Archive for Saturday, April 12, 2008

Simons: Any KU fine arts restructuring should build on success

April 12, 2008


What's going to happen to the Kansas University School of Fine Arts? What kind of a school will it be five, 10 or 20 years from today? What skills, talents or experience will a new dean bring to the school?

Earlier this week, the School of Fine Arts and members of the school's Fine Arts Advisory Board launched a new awards program that recognized and honored two graduates of the school and two other individuals - all of whom have contributed much to the betterment and reputation of the school, as well as being recognized nationally and internationally for their personal and professional achievements and leadership.

The fine arts graduates honored were Gary Foster of Los Angeles and Phil Risbeck of Fort Collins, Colo. Foster has compiled a superb record as a freelance musician, playing with many of the nation's most accomplished performers. Risbeck is a world-recognized authority on poster art and founder of the acclaimed Colorado International Invitational Poster Exhibit.

The two recipients of the Distinguished Service Awards were Polly Bales of Lawrence and Christina Hixson of Las Vegas. Bales and her late husband, Dane, lived in Logan and have been generous contributors of time and money for the benefit of KU and Kansas. Hixson's vision and leadership of the Lied Foundation has provided funds for the Lied Center of Kansas and the KU Medical Center as well as KU scholarships and other funding for Iowa State and Nebraska universities.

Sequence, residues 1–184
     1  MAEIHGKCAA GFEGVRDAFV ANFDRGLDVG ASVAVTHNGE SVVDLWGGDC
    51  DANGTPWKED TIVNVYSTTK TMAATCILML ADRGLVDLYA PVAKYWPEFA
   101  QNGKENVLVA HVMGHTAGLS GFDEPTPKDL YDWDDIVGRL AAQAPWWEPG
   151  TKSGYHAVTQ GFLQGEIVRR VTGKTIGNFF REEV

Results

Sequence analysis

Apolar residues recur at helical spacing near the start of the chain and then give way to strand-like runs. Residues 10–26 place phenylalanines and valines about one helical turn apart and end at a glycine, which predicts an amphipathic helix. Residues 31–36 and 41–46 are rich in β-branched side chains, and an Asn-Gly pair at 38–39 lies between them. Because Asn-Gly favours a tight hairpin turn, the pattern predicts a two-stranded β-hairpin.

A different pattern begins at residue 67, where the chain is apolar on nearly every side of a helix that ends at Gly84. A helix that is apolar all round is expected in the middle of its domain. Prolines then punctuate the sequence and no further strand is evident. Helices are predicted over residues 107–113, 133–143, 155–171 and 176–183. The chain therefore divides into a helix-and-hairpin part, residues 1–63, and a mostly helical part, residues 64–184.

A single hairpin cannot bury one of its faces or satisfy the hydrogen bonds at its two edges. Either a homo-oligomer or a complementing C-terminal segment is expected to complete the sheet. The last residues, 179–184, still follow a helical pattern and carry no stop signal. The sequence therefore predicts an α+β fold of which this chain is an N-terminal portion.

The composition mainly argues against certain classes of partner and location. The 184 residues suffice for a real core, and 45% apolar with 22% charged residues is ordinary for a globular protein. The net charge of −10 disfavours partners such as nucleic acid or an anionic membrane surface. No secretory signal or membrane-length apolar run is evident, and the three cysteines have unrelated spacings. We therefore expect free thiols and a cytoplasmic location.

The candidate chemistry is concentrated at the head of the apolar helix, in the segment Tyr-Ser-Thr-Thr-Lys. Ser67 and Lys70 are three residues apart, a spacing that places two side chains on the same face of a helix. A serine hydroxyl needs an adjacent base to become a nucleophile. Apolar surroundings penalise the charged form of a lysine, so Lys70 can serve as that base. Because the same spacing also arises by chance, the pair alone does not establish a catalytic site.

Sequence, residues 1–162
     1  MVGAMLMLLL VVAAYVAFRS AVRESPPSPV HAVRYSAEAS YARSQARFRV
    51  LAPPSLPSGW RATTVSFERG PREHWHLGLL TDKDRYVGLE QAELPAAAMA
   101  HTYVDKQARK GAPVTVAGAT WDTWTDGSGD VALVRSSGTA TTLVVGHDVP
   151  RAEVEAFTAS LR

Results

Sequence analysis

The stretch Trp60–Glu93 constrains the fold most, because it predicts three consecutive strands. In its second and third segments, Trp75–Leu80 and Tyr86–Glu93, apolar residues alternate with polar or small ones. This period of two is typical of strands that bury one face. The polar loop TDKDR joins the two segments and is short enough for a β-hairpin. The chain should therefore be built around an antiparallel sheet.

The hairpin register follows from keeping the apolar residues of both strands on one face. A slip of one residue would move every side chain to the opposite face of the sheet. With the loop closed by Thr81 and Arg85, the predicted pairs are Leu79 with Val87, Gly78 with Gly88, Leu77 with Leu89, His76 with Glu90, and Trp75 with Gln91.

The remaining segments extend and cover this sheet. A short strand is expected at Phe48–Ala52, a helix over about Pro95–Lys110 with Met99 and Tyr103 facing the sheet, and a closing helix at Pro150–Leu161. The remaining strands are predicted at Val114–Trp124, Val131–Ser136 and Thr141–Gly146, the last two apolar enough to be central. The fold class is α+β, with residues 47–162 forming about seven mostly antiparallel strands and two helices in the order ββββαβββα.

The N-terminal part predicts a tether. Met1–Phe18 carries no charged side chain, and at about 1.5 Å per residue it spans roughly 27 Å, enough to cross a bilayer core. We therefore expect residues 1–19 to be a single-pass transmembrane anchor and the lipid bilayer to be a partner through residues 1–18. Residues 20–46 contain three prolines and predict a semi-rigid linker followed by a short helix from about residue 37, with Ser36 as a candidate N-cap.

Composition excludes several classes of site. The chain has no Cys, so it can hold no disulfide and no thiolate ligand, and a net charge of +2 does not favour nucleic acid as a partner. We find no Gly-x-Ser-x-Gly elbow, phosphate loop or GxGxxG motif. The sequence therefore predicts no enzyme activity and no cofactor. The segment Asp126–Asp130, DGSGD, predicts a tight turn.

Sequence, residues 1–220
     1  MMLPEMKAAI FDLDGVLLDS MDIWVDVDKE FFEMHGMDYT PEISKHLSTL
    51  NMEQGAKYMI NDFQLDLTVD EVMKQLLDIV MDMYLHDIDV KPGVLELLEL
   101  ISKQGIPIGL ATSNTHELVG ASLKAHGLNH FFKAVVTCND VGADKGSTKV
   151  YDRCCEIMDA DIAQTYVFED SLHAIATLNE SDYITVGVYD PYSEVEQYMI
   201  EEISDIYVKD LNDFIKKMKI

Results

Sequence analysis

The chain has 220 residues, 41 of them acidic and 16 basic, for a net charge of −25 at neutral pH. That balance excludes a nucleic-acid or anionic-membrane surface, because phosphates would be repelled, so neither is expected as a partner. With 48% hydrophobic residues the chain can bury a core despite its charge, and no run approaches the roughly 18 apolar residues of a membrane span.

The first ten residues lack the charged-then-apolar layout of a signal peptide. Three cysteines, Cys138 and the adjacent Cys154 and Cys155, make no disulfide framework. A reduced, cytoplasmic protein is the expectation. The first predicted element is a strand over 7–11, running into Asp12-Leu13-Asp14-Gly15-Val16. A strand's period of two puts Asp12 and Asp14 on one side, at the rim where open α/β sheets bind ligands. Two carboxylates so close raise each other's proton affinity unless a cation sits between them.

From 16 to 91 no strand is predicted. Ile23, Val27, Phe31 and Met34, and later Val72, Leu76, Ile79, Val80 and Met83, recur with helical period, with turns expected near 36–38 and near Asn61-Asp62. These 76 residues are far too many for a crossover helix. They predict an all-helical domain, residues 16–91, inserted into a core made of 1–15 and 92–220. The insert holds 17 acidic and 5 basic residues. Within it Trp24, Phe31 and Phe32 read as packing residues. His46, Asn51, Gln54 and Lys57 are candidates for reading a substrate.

The Wednesday gathering took place only weeks after a search committee reported to the KU provost that it was unable to recommend any candidates to fill the upcoming vacancy in the fine arts dean's office. The search process covered about four months.

The provost asked the search committee to take on the role of a task force to study and consider a possible restructuring of the School of Fine Arts. With this in the minds of many attending the awards program, it was only natural there was much interest, as well as concern, about the future of the school.

What does a "restructuring" of the school mean?

Over the years, the KU School of Fine Arts has compiled a fine record, but just as the chancellor wants championship football and basketball teams, shouldn't the chancellor, provost and other university leaders want each school within the university to be of national championship quality?

The public has been told this week what university officials believe is necessary for KU to continue to be a national basketball powerhouse: a great coach, superb facilities, excellent funding and compensation that places KU coaches near or at the top in their respective fields.

What does it take to make the KU School of Fine Arts a "national champion" or a model for other universities to try to match? What does it take to attract a truly outstanding individual to be the new dean or "coach" of the school? How about improved or new facilities or new strategies for recruiting outstanding fine arts students the same way football and basketball coaches are expected to recruit outstanding "student athletes"?